Sometimes WPMotivate is our way of working through life’s challenges in a productive way of looking at challenging situations. In this week’s episode, we talk about dealing with other people’s judgements and why diversity is important to our global WordPress community. After a simple observation turned into a firestorm on Twitter, Michelle found herself in the epicenter of some raw commentary. We reframe the experience and talk about how all communities benefit from diverse perspectives, ideas and experiences.
Speaker 0 00:00:00 Start your week smiling with your friends, Kathy Zant and Michelle Frechette. It’s time to get ready for some weekly motivation with WP Motivate.
Speaker 2 00:00:13 Happy Friday, Kathy,
Speaker 1 00:00:15 T g I f. Happy Friday Michelle. My gosh.
Speaker 2 00:00:19 You know, I, that T G I F has never resonated as much with me as it does today. It has been one hell of a week. How about you?
Speaker 1 00:00:30 Well, we just spoke a little bit and I think I ranted for like two minutes straight about everything I’m dealing with. It’ss been, yeah.
Speaker 2 00:00:36 So
Speaker 1 00:00:38 And every time I try to record videos my neighbor mos and he’s got like the writing mower and then he is got the push mower and it’s like you just did that section .
Speaker 2 00:00:49 I’m trying to record the other side of the house.
Speaker 1 00:00:52 Please. Just for 10 minutes. I just like need to rerecord this one part. Yeah. So like that’s going on. Stuff is not downloading from places. Uh, technology is on my last runner and I think a few people are. So yeah, same and situations have been stressful. So I’ve been, yeah, I’m T g I fing pretty hard right now.
Speaker 2 00:01:12 Yeah. And I am 100% there with you. I mean, anybody that knows me and follows me online has seen what this past week has been like for me. Um, and I will say, like I, I’ve said to more than one person, I did it to myself. Um, because I like to remind the community that it needs to be fair and balanced. That it needs to have representation. And sometimes that means that you’re gonna all of a sudden have a giant target on you. And that people who feel threatened by equality, equity, um, inclusion, belonging, diversity, those people are going to counter. And I wouldn’t say countercheck cuz what I did wasn’t even an attack. It was an observation and a hope. Yes. Literally an observation and a hope. And the very, you know, one of the first responses was to call me prejudiced. Another person said I was demonizing white men. Um, other people are now co saying that I’ve accused people of being sexist. I’ve never done any of those things. Um, I have, I’ve dated white men. I was married to one, my brothers, my father was, I mean, like, it’s just ridiculous. Right? Like, I am so inclusive, I am so embracing, I just, yeah. I could just go out and out about that. But I, I, I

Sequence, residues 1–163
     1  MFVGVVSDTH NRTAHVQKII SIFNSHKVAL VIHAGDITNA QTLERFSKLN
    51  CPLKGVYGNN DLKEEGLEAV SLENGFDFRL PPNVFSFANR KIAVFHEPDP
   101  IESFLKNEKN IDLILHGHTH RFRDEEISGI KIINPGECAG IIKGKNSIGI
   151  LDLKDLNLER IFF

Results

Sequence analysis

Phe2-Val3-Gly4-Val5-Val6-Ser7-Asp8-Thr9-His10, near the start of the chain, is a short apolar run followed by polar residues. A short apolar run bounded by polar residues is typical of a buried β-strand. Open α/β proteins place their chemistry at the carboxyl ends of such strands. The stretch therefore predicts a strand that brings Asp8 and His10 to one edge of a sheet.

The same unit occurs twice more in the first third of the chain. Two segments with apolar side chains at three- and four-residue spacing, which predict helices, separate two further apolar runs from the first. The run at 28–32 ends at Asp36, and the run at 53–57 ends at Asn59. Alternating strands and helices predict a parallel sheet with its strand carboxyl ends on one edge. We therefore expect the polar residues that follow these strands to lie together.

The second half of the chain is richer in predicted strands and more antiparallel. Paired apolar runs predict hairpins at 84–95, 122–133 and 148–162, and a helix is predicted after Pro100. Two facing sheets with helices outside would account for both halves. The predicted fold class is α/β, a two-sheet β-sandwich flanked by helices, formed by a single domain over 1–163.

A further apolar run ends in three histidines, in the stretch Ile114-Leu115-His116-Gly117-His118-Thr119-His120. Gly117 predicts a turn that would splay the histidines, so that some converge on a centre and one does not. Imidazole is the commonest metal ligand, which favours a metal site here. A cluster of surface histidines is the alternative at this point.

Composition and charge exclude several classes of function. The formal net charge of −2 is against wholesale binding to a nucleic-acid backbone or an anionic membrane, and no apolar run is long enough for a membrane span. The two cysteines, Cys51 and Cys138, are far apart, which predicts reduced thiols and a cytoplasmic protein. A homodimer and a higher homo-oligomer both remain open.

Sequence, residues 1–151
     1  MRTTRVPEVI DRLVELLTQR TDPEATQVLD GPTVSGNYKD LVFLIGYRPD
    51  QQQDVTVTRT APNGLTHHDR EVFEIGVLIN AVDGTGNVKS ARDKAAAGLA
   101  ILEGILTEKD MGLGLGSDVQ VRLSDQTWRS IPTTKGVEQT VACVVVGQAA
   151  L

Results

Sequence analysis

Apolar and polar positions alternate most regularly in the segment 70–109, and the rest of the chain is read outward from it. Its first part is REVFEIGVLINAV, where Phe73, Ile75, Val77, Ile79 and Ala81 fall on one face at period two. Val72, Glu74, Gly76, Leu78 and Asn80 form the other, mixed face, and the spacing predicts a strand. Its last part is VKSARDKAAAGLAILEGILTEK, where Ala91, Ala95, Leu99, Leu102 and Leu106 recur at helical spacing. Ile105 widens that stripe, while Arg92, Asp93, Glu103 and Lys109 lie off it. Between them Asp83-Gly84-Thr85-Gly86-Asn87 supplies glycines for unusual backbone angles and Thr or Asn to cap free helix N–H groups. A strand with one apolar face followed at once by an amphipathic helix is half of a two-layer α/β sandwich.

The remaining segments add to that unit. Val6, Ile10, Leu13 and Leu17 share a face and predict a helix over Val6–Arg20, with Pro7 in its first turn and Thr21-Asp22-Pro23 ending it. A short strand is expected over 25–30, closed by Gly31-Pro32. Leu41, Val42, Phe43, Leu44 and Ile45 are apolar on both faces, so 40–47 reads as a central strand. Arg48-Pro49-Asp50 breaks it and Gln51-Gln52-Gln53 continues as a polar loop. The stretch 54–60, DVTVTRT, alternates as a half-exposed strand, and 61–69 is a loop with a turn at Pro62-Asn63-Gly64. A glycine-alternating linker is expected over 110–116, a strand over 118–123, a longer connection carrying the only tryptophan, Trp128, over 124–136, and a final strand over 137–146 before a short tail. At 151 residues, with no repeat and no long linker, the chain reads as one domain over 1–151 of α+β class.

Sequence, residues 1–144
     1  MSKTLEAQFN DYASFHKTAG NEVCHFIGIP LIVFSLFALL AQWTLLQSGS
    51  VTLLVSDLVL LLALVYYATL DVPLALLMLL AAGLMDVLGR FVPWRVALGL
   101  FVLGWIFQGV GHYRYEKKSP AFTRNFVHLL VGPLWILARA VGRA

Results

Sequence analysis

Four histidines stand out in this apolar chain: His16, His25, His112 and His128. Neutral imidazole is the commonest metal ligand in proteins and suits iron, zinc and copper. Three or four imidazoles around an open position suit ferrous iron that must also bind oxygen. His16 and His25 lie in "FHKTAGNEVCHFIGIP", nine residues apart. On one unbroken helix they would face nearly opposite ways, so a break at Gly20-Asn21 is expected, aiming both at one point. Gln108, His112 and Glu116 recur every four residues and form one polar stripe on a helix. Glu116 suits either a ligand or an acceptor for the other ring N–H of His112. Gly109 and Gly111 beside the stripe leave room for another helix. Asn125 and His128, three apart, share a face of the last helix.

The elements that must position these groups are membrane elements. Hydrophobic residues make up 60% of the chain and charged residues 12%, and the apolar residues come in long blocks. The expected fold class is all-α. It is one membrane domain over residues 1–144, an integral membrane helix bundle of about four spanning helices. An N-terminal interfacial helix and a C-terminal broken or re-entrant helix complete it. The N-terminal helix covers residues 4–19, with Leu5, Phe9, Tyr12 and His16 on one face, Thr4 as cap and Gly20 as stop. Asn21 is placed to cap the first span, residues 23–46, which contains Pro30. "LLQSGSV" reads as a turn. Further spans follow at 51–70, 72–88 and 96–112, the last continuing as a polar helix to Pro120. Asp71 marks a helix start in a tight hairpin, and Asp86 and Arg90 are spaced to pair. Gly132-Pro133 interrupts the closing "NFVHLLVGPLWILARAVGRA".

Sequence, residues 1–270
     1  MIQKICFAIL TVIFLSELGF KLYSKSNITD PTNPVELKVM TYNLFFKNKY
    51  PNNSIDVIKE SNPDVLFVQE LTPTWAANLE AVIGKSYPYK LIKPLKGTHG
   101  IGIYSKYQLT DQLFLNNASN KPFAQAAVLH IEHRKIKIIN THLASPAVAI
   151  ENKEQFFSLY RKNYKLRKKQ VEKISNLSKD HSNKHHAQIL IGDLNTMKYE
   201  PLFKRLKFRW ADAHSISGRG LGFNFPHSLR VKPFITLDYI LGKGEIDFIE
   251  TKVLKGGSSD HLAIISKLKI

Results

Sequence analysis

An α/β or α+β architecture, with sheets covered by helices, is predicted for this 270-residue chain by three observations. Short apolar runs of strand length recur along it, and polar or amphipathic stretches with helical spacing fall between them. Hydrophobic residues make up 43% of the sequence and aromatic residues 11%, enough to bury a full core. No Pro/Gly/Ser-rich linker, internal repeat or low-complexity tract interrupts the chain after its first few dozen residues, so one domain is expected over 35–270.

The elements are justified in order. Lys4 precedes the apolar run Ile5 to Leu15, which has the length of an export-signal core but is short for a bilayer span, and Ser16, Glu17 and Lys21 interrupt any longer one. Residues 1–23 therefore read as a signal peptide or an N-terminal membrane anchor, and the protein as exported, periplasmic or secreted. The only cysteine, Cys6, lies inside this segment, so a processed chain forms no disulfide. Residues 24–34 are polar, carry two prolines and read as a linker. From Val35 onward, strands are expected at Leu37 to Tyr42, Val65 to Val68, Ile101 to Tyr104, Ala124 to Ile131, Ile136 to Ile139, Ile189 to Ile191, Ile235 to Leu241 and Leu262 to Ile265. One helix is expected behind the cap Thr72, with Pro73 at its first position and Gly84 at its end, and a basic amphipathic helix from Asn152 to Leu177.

Speaker 1 00:02:36 Love white men. I do. My son is a white man. I’m married to a white man. I’ve, I I, but it’s, but it’s not like a, like, I prefer to like only talk to like, it’s, yeah.
Speaker 2 00:02:50 I
Speaker 1 00:02:50 Don’t think that is the issue. But there have been many instances in my life where I have been, um, where I end up being a spectator. Well, you know, I don’t know if it’s like locker room, like they wanna talk more in the locker room mm-hmm. and I end up being like more of a spectator than a participant. Yeah. And I’m not gonna participate. You know, you don’t want my, you don’t want me around. You don’t want my contribution. I have nothing of value to offer. Mm-hmm. . Okay. I’ll go someplace else where I do feel valued. Yeah. And that’s gonna happen to more and more communities. If people aren’t, if people don’t like, just step up, step aside, step back from where their, their connections are happening. And I, this is not to say that like white guys can’t do the locker room thing, but if there’s people on the periphery that are just spectators, it’s, it’s up to everyone. If you’re seeing a locker room moment happening to like turn to the side and say, come on in. Yeah,
Speaker 2 00:03:54 Exactly.
Speaker 1 00:03:54 What, what’s your experience with this? What’s your experience? Do you, have you had this exp it, it, so, but, and to, I will say that there are, you know, I’ve watched what’s happened with your Twitter experience and I try not to read the people who are being